But there are many situations where you could come out ahead with the standard mileage--an inexpensive car, that gets high mileage coupled with high annual business miles. For example a $23,000 car that gets 35 miles on the highway and $1,500 insurance premium driven 30,000 miles. The standard mileage deduction would be $16,650, far in excess of what you'd be able to deduct using actual expenses.
Computing the Cost
If using the rough approach described above doesn't provide a clear cut answer, you'll have to do some math. Fortunately, the computations are easy, and you generally don't have to be spot on to make an intelligent decision. Overanalyzing is a time waster. You can't accurately predict future repair costs, gas prices, etc.
Actual Cost Method
Notes--Depreciation* ______________ Lease Payments** ______________ Insurance ______________ Repairs/Oil/Tires ______________ Garage fees ______________ Registration/Property Tax ______________ Total Cost ______________ Cost per mile = Total Cost/Miles per Year _________ Fuel cost per mile = Cost/Gal./Miles/Gal. _________ Cost per mile _________
* Tax depreciation is limited. See the annual depreciation limits and an example on our Vehicle Tables page. You can deduct depreciation or lease payments, not both.
** Lease payments have to be reduced by the lease inclusion amount. Go to our Vehicle Tables page and see the Inclusion Amount tables for the year you purchased the vehicle.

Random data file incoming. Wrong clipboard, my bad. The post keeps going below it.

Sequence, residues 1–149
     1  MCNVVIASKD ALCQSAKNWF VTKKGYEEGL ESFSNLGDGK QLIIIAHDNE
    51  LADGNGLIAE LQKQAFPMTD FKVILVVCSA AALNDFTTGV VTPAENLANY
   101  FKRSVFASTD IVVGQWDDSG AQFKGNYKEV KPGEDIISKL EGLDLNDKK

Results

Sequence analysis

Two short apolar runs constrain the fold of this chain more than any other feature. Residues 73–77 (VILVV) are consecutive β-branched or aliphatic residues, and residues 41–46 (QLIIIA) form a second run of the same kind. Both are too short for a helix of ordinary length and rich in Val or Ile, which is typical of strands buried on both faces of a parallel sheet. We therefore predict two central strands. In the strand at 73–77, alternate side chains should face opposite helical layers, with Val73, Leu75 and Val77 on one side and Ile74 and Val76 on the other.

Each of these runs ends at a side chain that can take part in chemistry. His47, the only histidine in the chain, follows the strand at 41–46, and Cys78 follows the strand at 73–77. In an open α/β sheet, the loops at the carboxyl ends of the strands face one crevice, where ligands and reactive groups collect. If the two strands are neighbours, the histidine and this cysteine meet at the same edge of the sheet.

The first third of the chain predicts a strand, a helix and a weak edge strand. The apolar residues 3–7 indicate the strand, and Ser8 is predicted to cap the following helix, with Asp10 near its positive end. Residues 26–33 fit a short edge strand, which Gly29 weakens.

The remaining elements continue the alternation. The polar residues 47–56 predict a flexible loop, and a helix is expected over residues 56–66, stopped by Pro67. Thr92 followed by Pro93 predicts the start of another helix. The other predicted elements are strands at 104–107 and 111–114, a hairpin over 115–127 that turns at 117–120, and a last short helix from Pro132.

Example 1--Fred has a sole proprietorship acting as an agent for several copy machine companies. He drives his car some 20,000 miles per year all business use. He does mostly highway driving and estimates he gets 25 miles to the gallon. He leases a car for $7,200 per year (after inclusion amount). Insurance costs $1,700 and maintenance costs $500 per year. His total fixed costs amount to $9,400. The fixed cost per mile is $0.47 ($9,400/20,000) and his fuel cost is $0.11 per mile ($2.70 per gallon divided by 25 miles per gallon). Thus, his total cost of operation is $0.58 cents per mile.Handling depreciation deductions could get messy. As a result of the stimulus, you can deduct close to $11,000 in the first year rather than the usual $3,000 or so. Whether that bonus depreciation will be available in the future is not known. If you just use that number, your cost per mile will be inflated. The best approach is to estimate how long you'll keep the vehicle add the depreciation for those years and divide by the number of years to get an average. Thus, if you think you'll keep the vehicle 5 years, the total depreciation would be $22,460 (assuming the car costs more than that) or $4,492 per year.
Example 2--Sue uses her car for visiting clients, but spends a considerable amount of time in the office. She leases the same car as Fred so her costs are the same, but she drives only 10,000 miles per year (all business) and gets 19 miles to the gallon. Her total fixed costs are the same, but, since they are spread over only 10,000 miles, her cost per mile is $0.94. Her fuel cost is $0.14 per mile, making her total cost of operation $1.08 per mile.